And here we go with the final part of my Winter 2016 top picks countdown.
1. Grimgar of Fantasy and Ash
Writing these end-of-season posts, I’m beginning to see a recent trend of gravitating towards mood pieces over more narrative-heavy shows, preferring SNAFU S2 to Blood Blockade Battlefront and Sound Euphonium back in spring 2015, while summer saw me rate Non Non Biyori over School Live or Rokka (although with that ending…). Hell, the best anime I’ve seen so far this year is Mamoru Oshii’s 1985 ova Angel’s Egg and I barely have a clue what it was even about. This time around every objective bone I possess is telling me that Rakugo was easily the most impressive series to air in winter, and yet I’ve ultimately come down to preferring light novel adaptation about a group of kids stuck in a fantasy world. The apocalypse is here.
I’ve never made my general disinterest towards mmo-themed stories much of a secret, finding their reliance on super nerd wish-fulfilment, meta-humour and pedantry an unholy combination of dodgy tropes and tedious statistical wankery disguised as world-building. Overlord did occasionally deal with the social impact these types of games have on their audience while Log Horizon was more interested in managing the world itself, but neither particularly gelled with me beyond the most cursory of interest. Fortunately Grimgar isn’t so much interested in any of that than it is exploring how the cast react to both their environment and one other, an approach which helps set the tone once the first major plot twist occurs.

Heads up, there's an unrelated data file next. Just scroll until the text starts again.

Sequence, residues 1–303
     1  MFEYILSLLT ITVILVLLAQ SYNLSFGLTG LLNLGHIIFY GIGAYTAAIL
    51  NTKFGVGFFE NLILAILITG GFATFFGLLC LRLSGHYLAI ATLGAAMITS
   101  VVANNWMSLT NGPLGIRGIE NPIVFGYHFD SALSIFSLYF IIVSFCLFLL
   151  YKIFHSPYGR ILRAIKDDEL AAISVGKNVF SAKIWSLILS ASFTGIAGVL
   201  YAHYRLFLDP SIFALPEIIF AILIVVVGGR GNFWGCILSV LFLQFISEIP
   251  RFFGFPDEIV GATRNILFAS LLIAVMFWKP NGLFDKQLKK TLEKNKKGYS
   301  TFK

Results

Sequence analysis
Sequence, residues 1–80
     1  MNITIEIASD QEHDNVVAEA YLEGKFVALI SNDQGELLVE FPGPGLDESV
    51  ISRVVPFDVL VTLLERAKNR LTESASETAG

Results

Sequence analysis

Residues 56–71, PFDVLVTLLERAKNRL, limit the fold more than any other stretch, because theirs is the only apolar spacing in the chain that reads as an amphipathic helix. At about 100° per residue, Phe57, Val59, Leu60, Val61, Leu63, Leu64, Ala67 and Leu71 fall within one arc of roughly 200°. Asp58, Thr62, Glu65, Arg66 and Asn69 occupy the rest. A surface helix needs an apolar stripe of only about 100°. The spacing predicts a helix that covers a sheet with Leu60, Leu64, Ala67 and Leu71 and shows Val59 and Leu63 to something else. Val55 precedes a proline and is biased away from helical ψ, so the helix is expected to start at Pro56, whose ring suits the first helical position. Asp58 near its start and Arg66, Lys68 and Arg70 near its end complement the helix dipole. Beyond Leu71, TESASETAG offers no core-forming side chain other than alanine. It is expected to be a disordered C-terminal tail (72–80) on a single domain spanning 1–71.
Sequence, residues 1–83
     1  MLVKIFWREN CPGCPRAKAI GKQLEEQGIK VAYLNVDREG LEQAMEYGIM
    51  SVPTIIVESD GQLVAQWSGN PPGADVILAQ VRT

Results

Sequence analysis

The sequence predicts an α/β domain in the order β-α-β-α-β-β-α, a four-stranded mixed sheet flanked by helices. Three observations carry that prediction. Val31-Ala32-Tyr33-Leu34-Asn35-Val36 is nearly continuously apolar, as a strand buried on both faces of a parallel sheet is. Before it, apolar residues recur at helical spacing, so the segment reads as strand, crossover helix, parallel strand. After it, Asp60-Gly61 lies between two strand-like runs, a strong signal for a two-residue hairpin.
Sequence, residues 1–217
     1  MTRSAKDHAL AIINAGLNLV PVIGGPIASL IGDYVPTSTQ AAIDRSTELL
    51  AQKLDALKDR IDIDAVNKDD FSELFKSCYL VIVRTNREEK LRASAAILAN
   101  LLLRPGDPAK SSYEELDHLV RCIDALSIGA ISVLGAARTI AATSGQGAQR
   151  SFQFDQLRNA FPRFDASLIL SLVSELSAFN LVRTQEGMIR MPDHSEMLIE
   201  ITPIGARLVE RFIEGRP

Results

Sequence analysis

Those looking for flashy action set-pieces or a variety of locales may find themselves disappointed, with the majority of the season effectively covering the unskilled and disorganised new raiding party taking on low level enemies in an attempt to progress. What the show lacks in spectacle it makes up for in pure visceral desperation, with every move being a life or death gamble rather than an excuse to pull off stylish poses.
Episode two’s attack on the lone goblin is the epitome of this, with the six inept adventurers wearing down and bludgeoning their foe to death in a sustained and frenzied assault. This scene not only shows that Grimgar’s interest lies acknowledging the grind of a typical mmo adaptation as more than a collection of montage scenes, but that the focus is internally centred on the cast rather than the world in general. It isn’t so much concerned about telling a grand narrative about villains carrying out evil schemes than it is showing how people react to the situations they’re forced into. Whether you can handle this is an inherently personal question, although as someone who generally finds the Tolkien-esque good vs evil stories of most fantasy anime underwhelming or half-assed, I’m more than happy for a story to abandon its sense of scale in favour of emotional substance.